Coronary artery bypass grafting (CABG) surgery
Severe blockages of your heart's arteries may need coronary artery bypass grafting (CABG, pronounced like "cabbage). During this procedure, a surgeon takes a blood vessel from somewhere else in your body and uses it to craft a new blood vessel that bypasses the blockage. CABG is often called bypass surgery or open-heart surgery.
Can I prevent a heart attack?
There are several things you can do that will help prevent a heart attack. Perhaps the most important of them is to get a yearly physical. This annual visit with your primary care provider (sometimes called a checkup or wellness visit) is one of the most important ways to catch problems early. Conditions like high blood pressure or diabetes may not cause symptoms until they're advanced, but a healthcare provider can easily catch them during an annual checkup.
There are several other steps — many of which your primary care provider can offer guidance and resources about — that you can take:
- Maintain a healthy weight.
- Eat a balanced diet.
- Get at least 150 minutes per week of moderate-intensity exercise (or higher).
- If you use tobacco products, quit as soon as possible.
- Manage your health, especially conditions like high cholesterol, high blood pressure and diabetes (this includes taking your medication regularly, not just when you remember).
However, because of the factors that you can’t change — especially your age and family history — preventing a heart attack isn’t always possible. Even so, it may be possible to delay when a heart attack happens. Recovering from a heart attack — or virtually any illness, for that matter — is also easier when you’re healthy.
Outlook / Prognosis
How long will I need to stay in the hospital?
The length of a hospital stay after a heart attack can vary from case to case. It often depends on the severity of the attack and the treatments you received. The average hospital stay ranges from four days with PCI treatment to seven days with CABG surgery.
How long will it take before I feel better?
The symptoms of your heart attack should decrease as you receive emergency care. It’s common for you to feel weaker or tired for several days after your heart attack and after you return home.
What is the outlook for a STEMI heart attack?
The outlook after a STEMI depends on several factors. The most important factor is how much damage there is to the heart muscle from the STEMI. That’s why it is so critical that you get medical attention quickly if you experience symptoms of a STEMI. Your healthcare provider is the best person to tell you what your outlook is, what to expect and what you can do to improve your situation.
What else can I expect after a STEMI?
Once you’ve had a heart attack, you have a greater risk of having another. Your healthcare provider will likely recommend rest and follow-up care to help reduce the risk of that happening. Some of the most likely types of follow-up care include:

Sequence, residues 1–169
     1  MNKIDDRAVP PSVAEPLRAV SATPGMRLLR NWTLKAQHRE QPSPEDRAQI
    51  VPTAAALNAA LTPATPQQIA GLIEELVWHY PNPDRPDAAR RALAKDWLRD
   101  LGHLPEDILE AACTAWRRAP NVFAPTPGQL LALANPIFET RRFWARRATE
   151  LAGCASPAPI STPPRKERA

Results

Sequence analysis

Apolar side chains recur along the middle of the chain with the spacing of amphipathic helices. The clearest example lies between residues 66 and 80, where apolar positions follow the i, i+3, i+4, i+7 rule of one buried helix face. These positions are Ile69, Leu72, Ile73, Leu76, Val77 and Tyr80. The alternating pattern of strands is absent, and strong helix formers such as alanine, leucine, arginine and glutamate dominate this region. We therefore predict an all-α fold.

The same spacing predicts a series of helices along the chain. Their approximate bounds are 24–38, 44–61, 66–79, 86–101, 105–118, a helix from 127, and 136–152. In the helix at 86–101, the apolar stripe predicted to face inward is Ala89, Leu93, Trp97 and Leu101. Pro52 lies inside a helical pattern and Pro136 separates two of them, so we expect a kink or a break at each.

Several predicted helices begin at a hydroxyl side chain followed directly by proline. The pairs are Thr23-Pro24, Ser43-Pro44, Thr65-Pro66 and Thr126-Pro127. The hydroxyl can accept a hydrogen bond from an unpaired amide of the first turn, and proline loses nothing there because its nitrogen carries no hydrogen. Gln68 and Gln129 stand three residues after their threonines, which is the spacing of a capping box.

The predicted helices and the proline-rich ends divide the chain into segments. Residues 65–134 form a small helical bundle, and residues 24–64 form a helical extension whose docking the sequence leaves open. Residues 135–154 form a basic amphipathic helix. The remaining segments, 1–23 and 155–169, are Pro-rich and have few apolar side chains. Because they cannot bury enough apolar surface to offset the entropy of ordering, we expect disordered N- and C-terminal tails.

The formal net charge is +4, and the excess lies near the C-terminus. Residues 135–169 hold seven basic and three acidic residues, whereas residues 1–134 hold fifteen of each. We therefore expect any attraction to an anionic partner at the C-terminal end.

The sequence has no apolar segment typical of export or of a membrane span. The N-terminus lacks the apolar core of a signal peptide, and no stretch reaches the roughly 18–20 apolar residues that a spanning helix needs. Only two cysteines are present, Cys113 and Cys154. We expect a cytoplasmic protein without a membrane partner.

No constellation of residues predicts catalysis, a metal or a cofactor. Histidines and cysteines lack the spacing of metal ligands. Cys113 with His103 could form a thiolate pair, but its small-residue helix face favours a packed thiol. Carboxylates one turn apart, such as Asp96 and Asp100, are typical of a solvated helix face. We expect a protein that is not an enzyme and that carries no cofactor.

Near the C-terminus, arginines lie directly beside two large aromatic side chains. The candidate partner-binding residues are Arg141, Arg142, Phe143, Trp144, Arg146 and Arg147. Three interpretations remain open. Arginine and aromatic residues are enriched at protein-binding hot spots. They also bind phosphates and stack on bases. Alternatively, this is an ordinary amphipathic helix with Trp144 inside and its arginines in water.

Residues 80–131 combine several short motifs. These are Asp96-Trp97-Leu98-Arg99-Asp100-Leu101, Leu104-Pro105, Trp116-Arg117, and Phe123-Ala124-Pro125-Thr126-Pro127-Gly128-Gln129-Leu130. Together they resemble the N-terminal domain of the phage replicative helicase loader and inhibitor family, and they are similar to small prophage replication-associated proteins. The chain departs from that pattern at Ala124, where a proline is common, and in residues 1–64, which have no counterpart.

- Regular follow-up and diagnostic imaging. These visits with your healthcare provider can track your recovery, your overall condition and any changes in your heart function.
- Cardiac rehabilitation. This type of program specializes in helping people with a history of heart conditions recover. These programs often include experts from several different fields, including diet and nutrition, exercise physiology and physical training, and more to help you.
When can I go back to my normal routine?
For the most part, you should be able to resume most of your usual activities within weeks or months after you return home. However, if you underwent surgery or your heart attack was more severe, your recovery will likely take longer. Your healthcare provider can tell you more about how long your recovery should take, what goals you can set and what you can do to help yourself recover.
How do I take care of myself?
Most of the tips listed above under “Prevention” are also helpful here. In general, you should focus on maintaining your overall health and any symptoms you have. That includes:
- Exercising regularly, as recommended by your healthcare provider.
- Managing your diet and weight.
- Taking your medications as recommended.
- Seeing your doctor as recommended for follow-up care.
- Calling your doctor if you have any new symptoms or questions about your condition, medications, etc.
When should I call my healthcare provider?
You should contact your healthcare provider anytime you have questions about your condition, care, medications, etc. This is especially true if you notice any changes to your health that haven’t yet become severe. Your provider can also tell you specific problems or signs that mean you should call them or seek medical attention.
When should I go to ER?
You should seek immediate medical attention if you have a sudden return or change in your symptoms, especially if they are symptoms of a heart attack or related problem. The main symptoms to watch for are:
- Chest pain (angina) or pain that radiates to your jaw, neck, back, arms or abdomen.
- Shortness of breath.
- Nausea or vomiting.
- Dizziness, feeling lightheaded or passing out.
- Heart palpitations.
If fast care is important, is it better to call 911 or drive myself to the hospital?
You should never drive yourself to the hospital if you think you might be having a heart attack. You should also not have someone drive you. Calling 911 (or the appropriate number for emergency services in your area) is best because of the following reasons.
- First responders are specially trained and equipped to transport you and start your care on the way. They can also provide information to healthcare providers at the hospital before you arrive, saving even more time.
- First responders can also take you directly into the emergency room rather than you having to enter through a lobby and waiting room.
- It’s not safe to drive yourself to the hospital during a possible heart attack because there’s a risk of you having a dangerous heart rhythm or passing out, which would be dangerous for yourself and anyone else on the road near you.
A note from Cleveland Clinic
ST-elevation heart attacks are a dangerous and sometimes deadly condition. Fortunately, modern medicine’s understanding has uncovered effective ways to treat this problem. That understanding also is always growing, with new treatments, medications and methods continuing to become available. That means your chances of getting life-saving care and recovering — especially if you get care quickly — have never been better.